Your helmet is one supremely powerful piece of kit, and it holds your head and potentially your life in its hands. In Australia, all motorcycle riders must wear an approved helmet by law (Australian Road Rules Reg. 270). So a helmet is just a helmet, right? Wrong. A helmet is about comfort, proper fit, quality, and safety assurance. And then – at the end of the list – it’s about what suits you and your style of bike. If you need to get fitted with an expert opinion from someone who knows exactly what to ask and look for, book a helmet shopping trip with me.

Shoei GT-AIR Pendulum TC5 Black Helmet

Full Face Motorcycle Helmets

Open Face Motorcycle Helmets

Flip Face Motorcycle Helmets

Why do I need a motorcycle helmet?

I hope you always put safety first to prevent injury and minimise the chance of a crash. But like everything in life, some circumstances are simply out of our control.

In simple terms, if your helmet impacts the road in the event of a crash, an inner layer of specialised crushable foam controls the energy of the crash. As a result, it decelerates your brain so that it comes to a gentle stop against your skull. Now, here’s the thing. Your helmet will only work if you’ve had it correctly and snugly fitted for your head and if you do the chin strap up firmly. Even the smallest piece of gravel can do a great deal of damage on impact if it gets in under your helmet.


Well, its pretty obvious why we need to wear a good quality and well fitted Australian Standards approved helmet – it will save us from a serious head injury in the event of an accident – shame so many people don’t get their helmets fitted properly, or just pick up an old second hand one to save a few dollars.

Second hand helmets – please, don’t go there. They are probably not to the approved standards, could have been dropped and structurally flawed or just don’t fit properly and could do more damage to you in an accident.

Everyone has a different shaped head, some of us wear glasses, so consider your personal comfort as well as the fit. Don’t settle for anything less.

Double check the helmet’s safety standards

In Australia, motorcycle helmets need to comply with its set standard AS/NZS 1698. If you find all the safety standards and marks a bit confusing, head over to the NSW Centre for Road Safety website. It has useful imagery of certification accreditations and a thorough list of domestic and global standards that a helmet sold in Australia must comply with. No compliance? No purchase. It’s that simple.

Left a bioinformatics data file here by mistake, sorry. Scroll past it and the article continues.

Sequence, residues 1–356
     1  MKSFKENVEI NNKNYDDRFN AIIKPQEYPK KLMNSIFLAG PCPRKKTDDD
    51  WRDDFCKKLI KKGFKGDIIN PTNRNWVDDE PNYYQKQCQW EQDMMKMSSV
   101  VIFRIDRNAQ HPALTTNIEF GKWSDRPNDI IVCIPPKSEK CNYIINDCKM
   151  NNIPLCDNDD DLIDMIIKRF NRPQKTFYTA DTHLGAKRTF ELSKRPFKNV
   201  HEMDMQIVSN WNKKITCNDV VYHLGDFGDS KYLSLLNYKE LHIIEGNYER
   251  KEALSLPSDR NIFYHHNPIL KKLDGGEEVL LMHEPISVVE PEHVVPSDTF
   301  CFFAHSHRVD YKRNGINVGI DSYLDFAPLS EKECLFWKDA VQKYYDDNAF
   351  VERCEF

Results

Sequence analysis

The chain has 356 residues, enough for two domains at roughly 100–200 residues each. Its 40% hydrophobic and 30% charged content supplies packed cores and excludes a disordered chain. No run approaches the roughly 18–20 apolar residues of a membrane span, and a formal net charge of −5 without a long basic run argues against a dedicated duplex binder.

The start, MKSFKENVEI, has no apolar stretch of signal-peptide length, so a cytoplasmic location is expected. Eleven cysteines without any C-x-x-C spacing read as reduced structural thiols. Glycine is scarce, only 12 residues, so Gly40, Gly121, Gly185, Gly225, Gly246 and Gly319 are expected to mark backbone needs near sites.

Shoei GT-AIR Pendulum TC5 Black Helmet

Full Face Motorcycle Helmets

A full face helmet covers the entire head, including the base of the skull and front of the chin. The opening band across the eyes and nose is fitted with a transparent plastic visor, and some brands offer a tinted visor to help cut out the glare. I chose a tinted visor, and I love it. It makes my riding so pleasurable, and it’s a fantastic feature, especially if your sunglasses are a tight fit. Handy little vents are great for airflow on hot days, but if you’re worried about helmet hair and heat – don’t! The beauty of this helmet lies in its protectiveness.

Open Face Motorcycle Helmets

With the introduction of the uber stylish café racer style motorbike, there seems to be a trend for these riders to wear an open face helmet. Let’s face it; it looks pretty cool but the less the helmet covers, the less protection for the rider.

The open face helmet covers the ears, back of the head and part the cheeks but lacks the lower chin bar of the full face helmets. Bugs, wind and dust can be a distraction to your riding, and while a snap on visor may reduce sunlight glare, it offers little protection for the face.

Flip Face Motorcycle Helmets

This hybrid of full face and open face helmets resembles a full face helmet when the flip closes. By pivoting the chin bar upwards, it gives you access to most of your face, as an open face helmet does. Flip face helmets are designed to be worn only in the closed position for riding. The flip feature is designed for convenience so that you can eat, drink or have a conversation without unfastening the chinstrap and removing the helmet. It’s important to note that not all chinstraps operate in the same way.

Crash Card

We want you to ride safely, however at some point in your riding life you may have an “unscheduled dismount” or be with a rider who does.

Simply fill out your card and place it in the lining of your motorbike helmet because thats were emergency services will look for it.

Hopefully no one will ever need to use the crash card, but just carrying it around could make riders think carefully about their safety.

For more information visit hornsby.nsw.gov.au/crashcard

Get fitted for the right helmet with our Apparel Shopping

If you’re looking to buy a helmet, we’ll take the stress away by accompanying you on your helmet purchase. We make sure you’re fitted properly, check the safety standards, advise you on features and find the right brand and model that suits your head, your style and your budget.